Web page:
When you come in thru the out door be sure to wipe your feet.

  8. Clash is the same for me, sammy. I was twelve when Combat Rock came out.

    For the record I would sell kites with Jennifer Herrema all day long…

  9. hrrundivbakshi

    I discovered the Jam just as their last EP (“Beat Surrender”) came out. Mind you, I didn’t discover them through *that* disc. As I’ve said many times, my road-to-Damascus moment with them was an “All Mod Cons” experience.

  10. My aversion to California punk kept me away from X until they were long past their prime, when See How We Are came out. I did happen to see the Billy Zoom version at Ripley’s on South Street because I was doing sound for the opening act but, although I liked them, I didn’t go out and buy any of their records at the time.

    I also came in the back door with the Velvets. I had read and heard about them before they broke up, but really only got to hear them when Al picked up the Live 69 album and said to check them out. That was probably around 1973. They were completely absent from the airwaves even in the 70/71 era when all hell broke lose for a moment.

  11. BigSteve

    It’s hard to believe now how much the VU vanished from overground rock history for a while. All through the early to mid 70s all you could find were those live albums and maybe some European comps, never the actual albums. At least I couldn’t.

    I usually believe people who say they were into the Velvets while they were still together about as much as I believe people who say they were at Woodstock.

  12. I got into Andrew Bird around the time of Armchair Apcrypha, which is pretty much around the time where his music started getting painfully boring and uninteresting.

  13. I guess you could say, judging by all the pre-1976 music I have piled up here, MOST of the artists I came to really love, I came at through the out door. I started buying records in 1976, when I was 13. Actually, the 1st two LPs I owned were given to me by my older brother (he didn’t collect or anything, he just happened to have these at college), & they were The Rolling Stones 2LP “Hot Rocks(Big Hits & Fazed Cookies)” & The Velvet Underground double “Live – 1969”. The first two 45s I owned were The Stones- “Honky Tonk Women” & Bachman Turner Overdrive-“Takin’ Care of Business”. So, as you can see, I came to these band’s best work (with the possible exception of BTO, to whom I’m not sure the term applies, though I still like some of their singles) well after it was in any way NEW.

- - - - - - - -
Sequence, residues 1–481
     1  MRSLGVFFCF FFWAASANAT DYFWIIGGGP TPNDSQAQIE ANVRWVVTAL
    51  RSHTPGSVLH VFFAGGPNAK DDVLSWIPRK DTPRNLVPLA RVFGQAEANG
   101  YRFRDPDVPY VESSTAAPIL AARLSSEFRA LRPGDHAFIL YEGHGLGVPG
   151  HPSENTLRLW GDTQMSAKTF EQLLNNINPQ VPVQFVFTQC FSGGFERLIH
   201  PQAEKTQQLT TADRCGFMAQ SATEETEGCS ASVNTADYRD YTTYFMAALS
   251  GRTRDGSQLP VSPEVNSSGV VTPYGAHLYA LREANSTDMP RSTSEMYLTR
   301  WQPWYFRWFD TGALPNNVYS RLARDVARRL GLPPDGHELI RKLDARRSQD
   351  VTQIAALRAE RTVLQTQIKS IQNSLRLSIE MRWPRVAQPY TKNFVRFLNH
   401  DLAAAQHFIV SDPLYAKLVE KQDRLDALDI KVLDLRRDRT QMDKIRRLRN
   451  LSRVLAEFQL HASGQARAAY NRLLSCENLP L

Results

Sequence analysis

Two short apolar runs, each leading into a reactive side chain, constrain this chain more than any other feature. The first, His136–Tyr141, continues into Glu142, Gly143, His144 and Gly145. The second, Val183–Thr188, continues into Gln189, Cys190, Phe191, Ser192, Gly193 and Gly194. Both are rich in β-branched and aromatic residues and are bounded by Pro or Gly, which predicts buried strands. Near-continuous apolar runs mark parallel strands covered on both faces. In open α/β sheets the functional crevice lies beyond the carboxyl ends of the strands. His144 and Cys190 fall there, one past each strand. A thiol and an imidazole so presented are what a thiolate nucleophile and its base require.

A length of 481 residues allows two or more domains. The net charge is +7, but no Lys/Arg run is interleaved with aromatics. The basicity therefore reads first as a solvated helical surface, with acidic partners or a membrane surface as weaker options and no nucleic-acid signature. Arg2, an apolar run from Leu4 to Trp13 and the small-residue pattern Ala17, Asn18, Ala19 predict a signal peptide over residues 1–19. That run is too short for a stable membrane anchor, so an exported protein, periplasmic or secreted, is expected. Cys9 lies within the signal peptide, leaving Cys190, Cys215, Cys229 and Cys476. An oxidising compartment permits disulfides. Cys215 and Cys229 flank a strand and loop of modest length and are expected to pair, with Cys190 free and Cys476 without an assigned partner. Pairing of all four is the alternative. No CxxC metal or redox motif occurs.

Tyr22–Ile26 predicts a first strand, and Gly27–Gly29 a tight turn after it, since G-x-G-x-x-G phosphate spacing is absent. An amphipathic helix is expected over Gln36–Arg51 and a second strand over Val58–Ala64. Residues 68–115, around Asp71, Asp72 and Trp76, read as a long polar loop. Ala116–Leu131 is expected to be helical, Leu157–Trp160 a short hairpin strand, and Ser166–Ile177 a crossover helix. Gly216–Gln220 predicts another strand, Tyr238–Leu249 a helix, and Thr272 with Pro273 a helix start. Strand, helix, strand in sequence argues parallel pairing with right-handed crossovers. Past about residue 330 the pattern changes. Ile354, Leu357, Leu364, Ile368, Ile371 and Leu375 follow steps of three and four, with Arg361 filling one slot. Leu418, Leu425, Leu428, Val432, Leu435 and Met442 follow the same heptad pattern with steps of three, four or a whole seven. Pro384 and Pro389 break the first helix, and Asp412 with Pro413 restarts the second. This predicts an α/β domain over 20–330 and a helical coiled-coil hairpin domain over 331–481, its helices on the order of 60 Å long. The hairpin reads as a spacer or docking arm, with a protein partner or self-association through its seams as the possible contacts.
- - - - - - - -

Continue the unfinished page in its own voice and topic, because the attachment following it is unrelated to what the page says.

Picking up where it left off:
From there, I did the usual Beatles, Stones, WHO, Kinks, British Invasion-in-general, collecting, plus going back to the U.S. guys the Brit bands had said in interviews influenced them. Still working my way backwards.
    With the exception of Punk, which I was STILL a little behind on, but got up to speed with fairly quickly, & then remained so with “NEW” music, through the end of the ’70s, the ’80s, & a good portion of the ’90s, I was always collecting “OLD” stuff the whole time, anyway.

    The stuff I MOSTLY go after even now was recorded by or before the mid-point of the last century, & the exceptions are still usually from the other side of the same century. Sure, I still try to keep my ears open for new things, but given the proportions of what I find interesting (let alone purchase) in current vs previous, I’m still heading back in through the out door.